‘Grey’s Anatomy:’ Former writer for the ABC drama admits she lied about having cancer
Elisabeth Finch, who had served as a writer and consulting producer on ABC’s hit series “Grey’s Anatomy,” has given an interview in which she admitted that she lied about her health and personal life.
Talking to The Ankler, Finch said she never had “any form of cancer.”
“What I did was wrong,” she said. “Not okay. F***ed up. All the words.”
In March The Ankler published a story that the series was looking into concerns that Finch had made up past stories about her life, including having been diagnosed with a rare form of bone cancer as well as losing a kidney and part of her leg.
“She taped a dummy catheter to her arm and shaved her hair to feign that she was undergoing chemotherapy,” the outlet reported in the follow-up piece published Thursday.
“I really miss it. I miss my fellow writers,” Finch told The Ankler of her former job. “It’s like a family and… one of the things that makes it so hard is that they did rally around a false narrative that I gave.”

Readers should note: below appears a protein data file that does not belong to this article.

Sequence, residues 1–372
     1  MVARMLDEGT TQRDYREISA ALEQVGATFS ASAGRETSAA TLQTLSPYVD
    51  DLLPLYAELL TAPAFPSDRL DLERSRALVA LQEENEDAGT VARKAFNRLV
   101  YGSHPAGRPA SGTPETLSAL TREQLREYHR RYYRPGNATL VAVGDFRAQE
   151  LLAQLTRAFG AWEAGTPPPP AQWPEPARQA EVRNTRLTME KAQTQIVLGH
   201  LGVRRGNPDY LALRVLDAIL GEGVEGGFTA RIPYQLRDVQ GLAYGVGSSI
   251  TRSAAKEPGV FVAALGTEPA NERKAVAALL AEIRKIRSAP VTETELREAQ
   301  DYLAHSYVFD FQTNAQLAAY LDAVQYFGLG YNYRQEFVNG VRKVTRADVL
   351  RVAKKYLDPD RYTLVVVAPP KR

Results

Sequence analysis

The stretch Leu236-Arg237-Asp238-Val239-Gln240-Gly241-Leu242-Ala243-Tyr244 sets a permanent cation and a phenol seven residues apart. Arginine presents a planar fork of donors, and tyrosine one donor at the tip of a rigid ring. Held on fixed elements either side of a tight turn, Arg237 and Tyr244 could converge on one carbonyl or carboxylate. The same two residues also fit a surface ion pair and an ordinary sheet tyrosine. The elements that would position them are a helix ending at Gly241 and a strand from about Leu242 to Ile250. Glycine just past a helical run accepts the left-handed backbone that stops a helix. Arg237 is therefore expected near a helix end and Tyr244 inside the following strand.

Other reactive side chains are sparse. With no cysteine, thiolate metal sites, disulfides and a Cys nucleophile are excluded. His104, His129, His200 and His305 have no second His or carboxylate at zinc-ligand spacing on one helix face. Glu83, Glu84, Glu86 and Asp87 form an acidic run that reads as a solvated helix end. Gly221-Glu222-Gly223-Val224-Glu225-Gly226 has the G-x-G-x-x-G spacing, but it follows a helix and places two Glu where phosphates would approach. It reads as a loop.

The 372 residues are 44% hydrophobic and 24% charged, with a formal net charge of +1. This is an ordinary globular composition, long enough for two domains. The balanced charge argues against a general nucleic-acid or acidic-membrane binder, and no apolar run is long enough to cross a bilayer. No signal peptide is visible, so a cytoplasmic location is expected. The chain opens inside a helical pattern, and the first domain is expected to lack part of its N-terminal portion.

Finch resigned from her position and sought in-patient treatment before an investigation by the show began, according to the report.
Finch said she began telling lies during the 2007 Writers Strike after she hurt her knee during a hike.
That resulted in a knee-replacement surgery for which, she said, people were “so supportive.”
“It was one hell of a recovery period and then it was dead quiet because everyone naturally was like ‘Yay! You’re healed.’ But it was dead quiet,” she said. “And I had no support and went back to my old maladaptive coping mechanism — I lied and made something up because I needed support and attention and that’s the way I went after it. That’s where that lie started — in that silence.”
According to The Ankler, Finch also lied to colleagues in 2019 by telling them her brother had died of suicide, when in actuality he is alive and living in Florida.
She told the publication she did feel guilty for the false stories she told, which, she said, have resulted in both the loss of work and some family members disowning her.
“I know it’s absolutely wrong what I did,” she said. “I lied and there’s no excuse for it. But there’s context for it. The best way I can explain it is when you experience a level of trauma a lot of people adopt a maladaptive coping mechanism. Some people drink to hide or forget things. Drug addicts try to alter their reality. Some people cut. I lied. That was my coping and my way to feel safe and seen and heard.”
CNN has reached out to representatives for “Grey’s Anatomy” for comment.